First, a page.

The problem is that a layer's opacity doesn't add -- it multiplies, like this:
Result = (opacity) * (this layer) + (100%-opacity) * (result of layers below)
This formula holds true regardless of the layer's assigned blending mode (and
it's recursive, with the "result of layers below" defined by inserting the next
layer down into the same formula).
So, if you want multiple translucent layers to have specific 'overall'
contributions to the final image you need to work out the opacities for each
individual layer, namely with lower layers having more opacity to compensate
for their lower position in the stack.
Here is what happens with your example on the left -- Red layer has opacity
22.2%, Green has opacity 71.7%, Blue has opacity 6.1% (all this on top of a
solid black background), so the overall image is blended like this:
Image = 22.2% * (red) + (100%-22.2%) * (green,blue)
= 22.2% * (red) + 77.8% * (71.7% * green + (100%-71.7%) * (6.1% * blue) )
= 22.2% * (red) + 77.8% * (71.7% * green + 28.3% * (6.1% * blue) )
= 22.2% * (red) + 55.8% * (green) + 1.3% * (blue)
And since we know that your red, green, and blue are all white, this means the
overall image is:
= (22.2% + 55.8% + 1.3%) * (white)
= 79.3% white
Doesn't that 79% look rather familiar? :)
Aside - the left half of your image is totally reproducible on GIMP 2.8 . (I
can't seem to reproduce the right half in 2.8, but I haven't examined the
actual XCF either, so I don't have all the details.)
Now to fix the values ... first, Red is on top so it can keep the 22.2%; this
leaves a translucency of 77.8% for everything below it.
For Green, below Red, divide its opacity by Red's translucency (above):
Green's opacity should be (71.7% / 77.8%) = 92.1%. This, in turn, leaves 7.9%
of translucency for Blue below it.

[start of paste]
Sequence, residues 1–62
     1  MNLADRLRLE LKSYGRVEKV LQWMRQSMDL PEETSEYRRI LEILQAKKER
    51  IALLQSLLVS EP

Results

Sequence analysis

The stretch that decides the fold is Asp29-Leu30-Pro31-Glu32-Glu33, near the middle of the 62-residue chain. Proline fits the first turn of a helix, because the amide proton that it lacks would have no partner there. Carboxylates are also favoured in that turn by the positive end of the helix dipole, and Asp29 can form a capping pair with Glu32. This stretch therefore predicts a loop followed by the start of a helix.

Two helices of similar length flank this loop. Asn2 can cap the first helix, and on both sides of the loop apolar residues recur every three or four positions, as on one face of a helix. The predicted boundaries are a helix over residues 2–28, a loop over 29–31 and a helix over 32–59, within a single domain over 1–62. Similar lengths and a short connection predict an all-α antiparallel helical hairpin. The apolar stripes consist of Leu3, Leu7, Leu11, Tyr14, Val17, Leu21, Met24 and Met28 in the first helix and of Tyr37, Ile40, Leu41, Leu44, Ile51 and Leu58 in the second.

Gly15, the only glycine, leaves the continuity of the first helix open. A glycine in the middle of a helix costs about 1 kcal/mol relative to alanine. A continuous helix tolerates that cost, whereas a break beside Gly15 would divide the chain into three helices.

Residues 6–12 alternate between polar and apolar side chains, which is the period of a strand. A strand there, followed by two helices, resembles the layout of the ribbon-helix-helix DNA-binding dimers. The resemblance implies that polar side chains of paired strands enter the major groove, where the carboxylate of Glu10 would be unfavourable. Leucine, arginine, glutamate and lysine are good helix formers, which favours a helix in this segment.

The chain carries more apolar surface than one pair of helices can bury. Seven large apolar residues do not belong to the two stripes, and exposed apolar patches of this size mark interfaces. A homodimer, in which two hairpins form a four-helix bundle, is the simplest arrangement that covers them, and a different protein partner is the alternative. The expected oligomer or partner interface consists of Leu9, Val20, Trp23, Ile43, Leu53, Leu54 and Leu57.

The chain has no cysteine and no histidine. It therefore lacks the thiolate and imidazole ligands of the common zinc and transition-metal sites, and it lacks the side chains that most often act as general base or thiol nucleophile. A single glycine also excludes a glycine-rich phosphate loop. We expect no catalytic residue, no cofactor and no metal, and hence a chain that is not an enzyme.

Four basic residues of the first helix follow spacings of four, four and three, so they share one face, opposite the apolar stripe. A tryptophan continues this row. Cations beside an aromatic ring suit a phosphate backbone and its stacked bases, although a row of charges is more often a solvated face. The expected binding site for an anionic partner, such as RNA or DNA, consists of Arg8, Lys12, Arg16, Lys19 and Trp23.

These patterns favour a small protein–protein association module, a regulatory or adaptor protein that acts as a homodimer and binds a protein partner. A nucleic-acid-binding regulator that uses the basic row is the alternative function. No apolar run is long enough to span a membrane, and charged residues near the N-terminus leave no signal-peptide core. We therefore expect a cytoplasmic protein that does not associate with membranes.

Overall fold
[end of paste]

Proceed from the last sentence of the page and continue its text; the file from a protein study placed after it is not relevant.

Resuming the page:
For Blue (which is below both Green and Red), divide its opacity by the overall
translucencies of both Red and Green. You can do the math if you want (6.1% /
77.8% / 7.9%), but it conveniently works out to exactly 100% opacity -- i.e.
Blue doesn't need any translucency for itself because with both Red and Green
on top of it (at the above opacities) only 6.1% of Blue will be visible anyway.
To prove it, just plug the new opacities back into the above formula:
Image = 22.2% * (red) + 77.8% * (92.1% * (green) + (100% - 92.1%) * (100% *
= 22.2% * (red) + 77.8% * (92.1% * (green) + 7.9% * (blue) )
= 22.2% * red + 71.7% * green + 6.1% * blue
PS - Keep in mind the above math only works when all three of your R/G/B layers
are visible; if you toggle even one of them off the opacity of the ones
underneath it will look off because they depended on the layer(s) above them to
Numbers may not lie, but neither do they tell the whole truth.
> From: ellest...@ninedegreesbelow.com
> To: email@example.com
> Date: Mon, 12 Oct 2015 11:22:46 -0400
> Subject: [Gimp-user] Layer addition - bug, feature, or user misunderstanding?
> Using GIMP 2.9 updated yesterday, two different ways of adding layers
> produce different results. But it seems to me that the two ways should
> produce the same results. Here is a screenshot:
> Are the different results a bug, a feature, or am I making an obvious
> mistake or just not understanding something?
> Looking at the screenshot, the "channel" layers were produced by making
> a solid white layer and dragging the Red, Blue, and Green channels over
> to the layer stack. So of course each channel layer also has R=G=B=1.0.
> The channel layers are added using layer percent opacities of 22.2 for
> the Red channel layer, 71.7% opacity for the Green channel layer, and
> 6.1% opacity for the Blue channel layer. The percentages are the correct
> percentages for producing a Luminance conversion to black and white by
> adding the Red, Green, and Blue channels together as layers.
> The result of adding the three layers should be white, R=G=B=1.0, which
> is what happens with the second way of adding the layers. But the first
> way, using the more obvious "add each layer to the layers below",
> produces R=G=B=0.793257.
> Here's a download link for the actual XCF file:
> You'll need to reset *all* of the layer opacities to the values given
> above, because for some reason saving to disk and reopening causes layer
> opacities to shift slightly (for example, the Blue layer opacities shift
> to 5.9% instead of staying at 6.1%).
> The image is an sRGB image and the precision is 32-bit floating point
> (linear) in order to get the layers to properly add up to R=G=B=1.0,
> which they should anyway for solid white, but results would be wrong for
> colors other than solid white or solid black.
> Elle, puzzled
> Color management and free/libre photography
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